- Labour MP Ben Bradshaw wants a judge-led inquiry into whether Russia meddled in Brexit and the 2017 general election.
- Bradshaw said the government’s approach to the question of Russian interference has been “stonewalling and obfuscation.”
He and other MPs plan to lobby Prime Minister Theresa May for an investigation over the coming months.
LONDON — A veteran Labour MP has demanded that the government open a judge-led inquiry into the possibility that Russia interfered in the EU referendum last year.
Ben Bradshaw, who was culture secretary in Gordon Brown’s Labour government and campaigned to remain in Europe, said there is mounting evidence that Vladimir Putin’s regime has “actively and deliberately” attempted to subvert democratic votes around the world.
He urged the UK government to treat the issue as seriously as the US, where former FBI director Robert Mueller is investigating Russia’s interference in the 2016 elections and whether President Donald Trump’s campaign colluded with the Kremlin.
Speaking to Business Insider, Bradshaw said:
“We need the government to wake up to this. All we have had, up to this point, is stonewalling and obfuscation. There now needs to be a full government investigation into all aspects of [Russian] subversion.
“It should include concerns about the hybrid social media warfare, including paid-for Facebook adverts and fake Twitter accounts used as bots, as well as an investigation into impermissible donations.”
Last week, Bradshaw said specific attention should be paid to the “dark money” used to fund the Leave.EU campaign. Leave.EU and other anti-EU ventures were financed to the tune of £9 million ($US11 million) by UKIP donor Aaron Banks. Leave.EU did not immediately respond to BI’s request for comment.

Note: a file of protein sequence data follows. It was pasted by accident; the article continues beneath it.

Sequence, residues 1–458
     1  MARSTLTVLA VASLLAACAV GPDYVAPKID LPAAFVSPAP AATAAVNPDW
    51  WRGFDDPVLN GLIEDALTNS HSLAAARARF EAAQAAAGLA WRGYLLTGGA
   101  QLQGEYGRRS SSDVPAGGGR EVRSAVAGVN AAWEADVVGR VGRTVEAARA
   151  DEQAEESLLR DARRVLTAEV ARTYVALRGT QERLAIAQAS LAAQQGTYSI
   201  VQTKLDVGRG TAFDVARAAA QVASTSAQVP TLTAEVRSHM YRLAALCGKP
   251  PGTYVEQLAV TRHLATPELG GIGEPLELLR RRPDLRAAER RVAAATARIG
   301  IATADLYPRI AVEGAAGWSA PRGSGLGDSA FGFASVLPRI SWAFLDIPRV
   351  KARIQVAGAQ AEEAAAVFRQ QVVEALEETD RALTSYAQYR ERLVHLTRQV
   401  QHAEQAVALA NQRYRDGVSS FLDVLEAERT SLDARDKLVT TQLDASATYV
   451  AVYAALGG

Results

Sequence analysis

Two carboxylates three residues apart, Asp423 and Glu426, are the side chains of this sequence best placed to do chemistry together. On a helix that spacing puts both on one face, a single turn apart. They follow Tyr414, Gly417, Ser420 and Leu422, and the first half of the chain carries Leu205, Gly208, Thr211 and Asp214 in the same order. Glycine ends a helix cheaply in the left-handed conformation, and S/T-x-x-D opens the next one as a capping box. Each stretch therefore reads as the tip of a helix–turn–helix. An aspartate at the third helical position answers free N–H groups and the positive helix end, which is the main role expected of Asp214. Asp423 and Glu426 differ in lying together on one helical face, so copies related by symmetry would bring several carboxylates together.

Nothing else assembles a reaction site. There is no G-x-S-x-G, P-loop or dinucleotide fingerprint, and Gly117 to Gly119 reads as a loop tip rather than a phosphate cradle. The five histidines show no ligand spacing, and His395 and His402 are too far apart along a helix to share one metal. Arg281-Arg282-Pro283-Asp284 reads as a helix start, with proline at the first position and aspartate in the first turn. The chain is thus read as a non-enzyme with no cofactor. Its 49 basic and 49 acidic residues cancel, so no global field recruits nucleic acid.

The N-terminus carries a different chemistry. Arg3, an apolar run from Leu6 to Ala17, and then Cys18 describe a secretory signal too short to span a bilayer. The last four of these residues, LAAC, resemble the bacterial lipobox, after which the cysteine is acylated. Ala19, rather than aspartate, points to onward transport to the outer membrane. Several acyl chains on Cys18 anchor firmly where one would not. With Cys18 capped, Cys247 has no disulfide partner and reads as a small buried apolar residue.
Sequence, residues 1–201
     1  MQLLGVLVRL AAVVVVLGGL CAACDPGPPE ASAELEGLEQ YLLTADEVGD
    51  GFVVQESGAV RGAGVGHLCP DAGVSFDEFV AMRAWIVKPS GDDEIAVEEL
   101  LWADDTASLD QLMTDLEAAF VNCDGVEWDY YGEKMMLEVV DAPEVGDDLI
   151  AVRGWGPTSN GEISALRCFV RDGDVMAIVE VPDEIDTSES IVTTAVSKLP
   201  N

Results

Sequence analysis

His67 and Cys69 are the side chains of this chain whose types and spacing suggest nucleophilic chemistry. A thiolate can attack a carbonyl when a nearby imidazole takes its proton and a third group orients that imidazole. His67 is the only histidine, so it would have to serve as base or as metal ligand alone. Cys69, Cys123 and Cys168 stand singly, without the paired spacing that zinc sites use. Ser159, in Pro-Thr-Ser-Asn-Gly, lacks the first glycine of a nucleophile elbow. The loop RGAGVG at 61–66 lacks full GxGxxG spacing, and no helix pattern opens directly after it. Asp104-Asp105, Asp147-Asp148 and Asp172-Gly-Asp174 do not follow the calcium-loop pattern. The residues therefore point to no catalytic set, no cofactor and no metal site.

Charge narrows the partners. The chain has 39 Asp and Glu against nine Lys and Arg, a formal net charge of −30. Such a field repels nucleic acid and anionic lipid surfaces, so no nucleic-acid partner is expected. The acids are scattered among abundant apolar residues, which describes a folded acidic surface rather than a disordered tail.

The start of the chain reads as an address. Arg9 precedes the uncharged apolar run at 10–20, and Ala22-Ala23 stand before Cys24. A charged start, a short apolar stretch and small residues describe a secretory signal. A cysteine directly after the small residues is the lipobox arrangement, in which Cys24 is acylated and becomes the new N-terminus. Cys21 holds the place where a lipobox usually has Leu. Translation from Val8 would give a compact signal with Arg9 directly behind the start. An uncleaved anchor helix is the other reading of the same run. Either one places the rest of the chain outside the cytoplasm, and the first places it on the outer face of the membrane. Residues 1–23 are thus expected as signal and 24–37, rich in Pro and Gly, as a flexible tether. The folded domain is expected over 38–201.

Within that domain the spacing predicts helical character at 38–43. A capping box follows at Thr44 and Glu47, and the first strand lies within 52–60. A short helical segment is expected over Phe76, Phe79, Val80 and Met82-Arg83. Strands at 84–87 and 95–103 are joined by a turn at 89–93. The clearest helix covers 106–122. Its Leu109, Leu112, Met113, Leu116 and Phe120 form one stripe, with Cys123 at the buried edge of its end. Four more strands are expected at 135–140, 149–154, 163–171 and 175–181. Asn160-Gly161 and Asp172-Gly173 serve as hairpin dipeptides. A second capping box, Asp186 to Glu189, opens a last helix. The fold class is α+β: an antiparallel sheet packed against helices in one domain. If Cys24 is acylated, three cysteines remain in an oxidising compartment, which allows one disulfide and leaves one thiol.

Bradshaw said any government investigation should be led by an independent judge, who must have the power to subpoena documents. The Labour for Exeter added that he and other MPs plan to actively lobby the government to open the inquiry over the coming months.
Putting pressure on Theresa May
“We’re applying pressure all the time,” said Bradshaw, pointing to a question he put to Prime Minister Theresa May earlier this week. On Monday, Bradshaw asked if Mueller has requested help from Britain with his investigation. May did not address the question directly.
Labour MP Barry Sheerman also asked whether the Kremlin was discussed at last week’s European Council meeting, given how “pleased the Russians are about Brexit and instability across Europe.”
May said Russia was not discussed last week, but admitted that the country has been culpable of democratic interference. “The Russians have indulged in disruptive activity, not just the illegal annexation of Crimea, but also the actions it has taken to interfere in democratic elections in a number of countries. This is a subject that I am sure the Council will return to,” the prime minister said.
Bradshaw’s concerns were also put to the PM’s spokesman this week, who said the “UK democratic system is amongst one of the most secure in the world and will continue to be so,” according to Reuters.
Bradshaw said the government’s reluctance engage with the issue comes back to two reasons: “It doesn’t want to undermine the referendum result or embarrass Donald Trump and jeopardise a post-Brexit trade deal.”
MPs demand evidence from Facebook
He was, however, encouraged to see that the Culture, Media, and Sport Committee wrote to Facebook this week demanding it reveals any evidence it holds that Russia tried to influence the Brexit vote and this year’s election. Bradshaw expects the Intelligence and Security Committee and National Security Strategy Committee to ask similar questions.
Away from Facebook, the University of Oxford’s Oxford Internet Institute analysed 1.5 million tweets from highly automated accounts, or bots, over a week in June 2016 in the run-up to the EU referendum. It found 54% were pro-Leave, while 20% were pro-Remain. The rest were neutral.
Samuel Woolley, who helped oversee the research, said the accounts were “megaphoning” anti-EU content. He told BI that it was difficult to assess who was behind the automated accounts, but admitted that Russia has got form in using Twitter bots to manipulate public opinion.
“Russia has an incredibly sophisticated propaganda apparatus and a lot of the tactics in bot deployment that we see worldwide have come from Russia,” he said.
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